Of course, it goes without saying – and I’ve pointed out here before – that none of this would be a problem were the GOP not so committed, both ideologically and procedurally to being the Party Of No™. In the last two congresses (from 2006 on, when the Democrats re-took power in the Senate), the Republicans have racked up more filibusters-per-year than previous congresses have in their entire two-year terms. By a longshot. They’ve said no to virtually everything the President or congressional Democrats have proposed, however trivial or inconsequential, often opposing their own proposals or hypocritically inveighing against things they themselves regularly do, just to annoy/obstruct the President and the Democrats. I’m by no means suggesting that either President Obama or congressional Democrats (particularly Senate Democrats) have had an easy time of it. They haven’t. They’ve found themselves in one of the most difficult periods in our country’s history, with a functionally inoperable opposition party that is more dedicated to their own pursuit of power and to scoring political points than they are to the welfare of the country. It hasn’t been a picnic.
It also hasn’t been an impossible problem, either. Back when the Franken/Coleman race was still dragging on well into 2009, Harry Reid, Joe Lieberman and a host of other Democratic luiminaries (as well as the gleeful Republicans who appeared thrilled – if somewhat surprised – that their stonewalling was actually going to work) told us over and over that they just couldn’t accomplish anything without that sixtieth vote. Liberal bloggers and commentators, myself included, practically tore our hair out, many of us pointing out that George Bush had much smaller majorities in both houses than the Democrats currently enjoyed, and with a combination of message and party discipline and a keen sense of how to play the political game, was able to ram through most of his agenda despite Democratic opposition. The Senate NEVER needed sixty votes to do much of anything. They needed sixty votes to procedurally break a filibuster, yes. But breaking a filibuster through a sixty-vote cloture motion was never – and is not now – the only way to accomplish one’s legislative goals. The passage of health care reform – especially the package of “fixes” to the dreadful Senate bill which was passed by the House and then sent to the Senate where it passed under budget reconciliation – proves that. Not “suggests it” or “implies it,” it proves it.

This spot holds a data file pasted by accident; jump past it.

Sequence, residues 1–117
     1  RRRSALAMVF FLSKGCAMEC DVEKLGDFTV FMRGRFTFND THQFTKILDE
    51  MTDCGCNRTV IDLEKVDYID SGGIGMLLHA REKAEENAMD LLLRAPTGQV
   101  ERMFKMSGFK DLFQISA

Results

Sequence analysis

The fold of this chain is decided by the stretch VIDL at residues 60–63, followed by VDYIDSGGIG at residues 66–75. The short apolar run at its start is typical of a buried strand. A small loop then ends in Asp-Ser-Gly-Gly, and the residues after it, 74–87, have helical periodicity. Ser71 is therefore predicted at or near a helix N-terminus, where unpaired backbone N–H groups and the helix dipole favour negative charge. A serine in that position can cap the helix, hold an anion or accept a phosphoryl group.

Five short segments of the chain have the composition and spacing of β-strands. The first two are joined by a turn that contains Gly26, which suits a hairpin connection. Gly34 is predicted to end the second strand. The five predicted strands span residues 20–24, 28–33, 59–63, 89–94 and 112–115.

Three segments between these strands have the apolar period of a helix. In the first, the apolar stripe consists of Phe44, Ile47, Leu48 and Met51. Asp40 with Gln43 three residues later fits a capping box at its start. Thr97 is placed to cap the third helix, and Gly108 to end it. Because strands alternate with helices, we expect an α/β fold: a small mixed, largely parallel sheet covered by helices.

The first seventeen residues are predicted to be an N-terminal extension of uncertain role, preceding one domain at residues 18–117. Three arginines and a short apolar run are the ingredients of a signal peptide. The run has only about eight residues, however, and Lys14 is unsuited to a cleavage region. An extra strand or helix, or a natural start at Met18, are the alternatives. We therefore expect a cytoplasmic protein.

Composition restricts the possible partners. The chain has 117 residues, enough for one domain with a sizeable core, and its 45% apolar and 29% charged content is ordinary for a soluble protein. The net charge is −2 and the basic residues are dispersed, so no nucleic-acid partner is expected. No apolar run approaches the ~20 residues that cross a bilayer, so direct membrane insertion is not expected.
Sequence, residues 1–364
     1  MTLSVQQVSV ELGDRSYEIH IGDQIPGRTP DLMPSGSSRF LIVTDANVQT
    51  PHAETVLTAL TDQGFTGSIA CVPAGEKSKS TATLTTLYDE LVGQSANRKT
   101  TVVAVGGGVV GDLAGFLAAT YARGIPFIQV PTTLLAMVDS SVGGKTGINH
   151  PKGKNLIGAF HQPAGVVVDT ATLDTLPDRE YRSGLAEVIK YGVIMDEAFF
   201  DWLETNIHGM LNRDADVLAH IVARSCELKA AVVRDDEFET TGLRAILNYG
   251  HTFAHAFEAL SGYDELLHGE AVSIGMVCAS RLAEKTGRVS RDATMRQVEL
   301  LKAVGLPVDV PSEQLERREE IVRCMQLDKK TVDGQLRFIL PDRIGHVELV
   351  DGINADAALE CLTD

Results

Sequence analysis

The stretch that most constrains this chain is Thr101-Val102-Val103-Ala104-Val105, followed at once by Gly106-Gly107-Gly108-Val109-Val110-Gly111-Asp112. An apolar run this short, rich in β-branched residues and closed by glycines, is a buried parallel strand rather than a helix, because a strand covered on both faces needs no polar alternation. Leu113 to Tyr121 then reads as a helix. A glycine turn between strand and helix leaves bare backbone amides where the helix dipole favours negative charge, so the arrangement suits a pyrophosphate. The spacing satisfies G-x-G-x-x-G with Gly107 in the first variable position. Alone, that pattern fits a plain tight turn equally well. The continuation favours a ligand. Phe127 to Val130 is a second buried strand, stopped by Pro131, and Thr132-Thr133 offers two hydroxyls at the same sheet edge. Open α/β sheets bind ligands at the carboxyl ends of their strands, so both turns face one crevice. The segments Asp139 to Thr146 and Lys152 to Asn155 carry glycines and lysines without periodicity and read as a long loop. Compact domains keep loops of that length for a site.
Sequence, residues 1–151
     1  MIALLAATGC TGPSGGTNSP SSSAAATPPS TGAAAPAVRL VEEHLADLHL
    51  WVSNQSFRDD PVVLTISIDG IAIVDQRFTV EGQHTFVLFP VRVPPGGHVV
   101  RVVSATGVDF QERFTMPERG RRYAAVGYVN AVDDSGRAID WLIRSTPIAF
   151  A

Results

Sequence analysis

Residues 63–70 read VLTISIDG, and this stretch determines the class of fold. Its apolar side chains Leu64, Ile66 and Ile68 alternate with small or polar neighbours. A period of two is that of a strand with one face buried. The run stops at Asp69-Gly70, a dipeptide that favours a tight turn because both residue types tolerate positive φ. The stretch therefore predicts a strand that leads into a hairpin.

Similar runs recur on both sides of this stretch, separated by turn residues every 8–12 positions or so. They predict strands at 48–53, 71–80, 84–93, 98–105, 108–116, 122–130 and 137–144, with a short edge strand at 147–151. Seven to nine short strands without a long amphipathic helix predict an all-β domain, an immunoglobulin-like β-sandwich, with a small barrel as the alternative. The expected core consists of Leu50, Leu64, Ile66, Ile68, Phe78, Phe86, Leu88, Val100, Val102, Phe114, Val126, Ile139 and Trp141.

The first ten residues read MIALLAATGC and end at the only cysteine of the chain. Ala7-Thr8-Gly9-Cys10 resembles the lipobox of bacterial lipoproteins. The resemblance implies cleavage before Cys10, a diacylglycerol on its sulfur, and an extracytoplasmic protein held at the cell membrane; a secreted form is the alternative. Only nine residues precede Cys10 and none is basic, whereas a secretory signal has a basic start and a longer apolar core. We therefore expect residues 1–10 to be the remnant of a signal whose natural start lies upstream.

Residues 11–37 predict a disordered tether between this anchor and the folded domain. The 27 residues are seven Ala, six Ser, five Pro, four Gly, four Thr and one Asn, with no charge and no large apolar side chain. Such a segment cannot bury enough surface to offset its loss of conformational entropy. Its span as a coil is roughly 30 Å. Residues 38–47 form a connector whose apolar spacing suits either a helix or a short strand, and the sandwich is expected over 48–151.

Most of the liberal blogosphere just shook our collective heads when, after Franken was finally certified the winner in Minnesota, Harry Reid immediately went to various media outlets, trying to “manage expectations,” no doubt, and told the nation that